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Article
March 28, 1986

Joe

Author Affiliations

Tyler, Tex

JAMA. 1986;255(12):1565. doi:10.1001/jama.1986.03370120039005

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Abstract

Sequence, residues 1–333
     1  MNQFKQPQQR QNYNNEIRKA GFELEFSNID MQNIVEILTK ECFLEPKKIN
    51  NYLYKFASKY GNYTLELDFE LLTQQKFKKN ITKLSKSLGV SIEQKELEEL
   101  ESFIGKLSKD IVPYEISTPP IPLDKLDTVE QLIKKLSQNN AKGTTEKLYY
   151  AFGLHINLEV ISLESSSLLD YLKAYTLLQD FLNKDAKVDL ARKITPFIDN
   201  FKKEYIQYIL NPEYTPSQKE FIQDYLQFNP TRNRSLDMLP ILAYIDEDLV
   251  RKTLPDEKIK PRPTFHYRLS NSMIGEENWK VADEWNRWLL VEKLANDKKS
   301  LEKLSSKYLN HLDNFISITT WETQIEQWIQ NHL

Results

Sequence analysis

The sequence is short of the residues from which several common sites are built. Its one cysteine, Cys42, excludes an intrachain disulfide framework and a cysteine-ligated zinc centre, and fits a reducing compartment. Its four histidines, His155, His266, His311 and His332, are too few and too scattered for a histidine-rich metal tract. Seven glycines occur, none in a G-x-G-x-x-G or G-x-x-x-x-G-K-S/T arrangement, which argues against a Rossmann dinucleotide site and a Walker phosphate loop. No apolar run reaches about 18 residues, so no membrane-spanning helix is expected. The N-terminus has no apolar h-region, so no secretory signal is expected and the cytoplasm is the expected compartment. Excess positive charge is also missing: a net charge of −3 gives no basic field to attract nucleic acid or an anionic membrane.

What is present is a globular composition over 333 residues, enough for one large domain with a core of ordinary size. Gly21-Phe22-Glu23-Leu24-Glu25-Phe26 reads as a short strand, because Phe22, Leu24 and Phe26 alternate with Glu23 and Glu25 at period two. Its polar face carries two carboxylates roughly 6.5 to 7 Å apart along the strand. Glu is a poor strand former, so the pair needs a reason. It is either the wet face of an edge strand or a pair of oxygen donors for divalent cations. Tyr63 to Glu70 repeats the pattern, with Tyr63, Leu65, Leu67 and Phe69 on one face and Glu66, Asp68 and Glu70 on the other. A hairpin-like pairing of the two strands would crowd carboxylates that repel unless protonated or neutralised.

One of my greater pleasures as a urologist is to converse with patients during operative procedures. Since many urologic procedures are performed under local or regional anesthesia, this opportunity comes often. I know that the anesthesiologist has in his arsenal a broad variety of sedatives to allay the anxiety inevitable with surgery, but an anesthesiologist is not always in attendance during procedures done under local anesthesia; even when there is an anesthesiologist in attendance, I inform him that I prefer to sedate my patients with my stories and resort to pharmaceuticals only when I do not get the anticipated relaxation. I have observed that the stress of a surgical procedure, however minor, and the unique relationship between surgeon and patient provide an environment for conversation that brings out emotions and philosophies heretofore suppressed by inhibitions. I know a patient better after half an hour in the operating room than after

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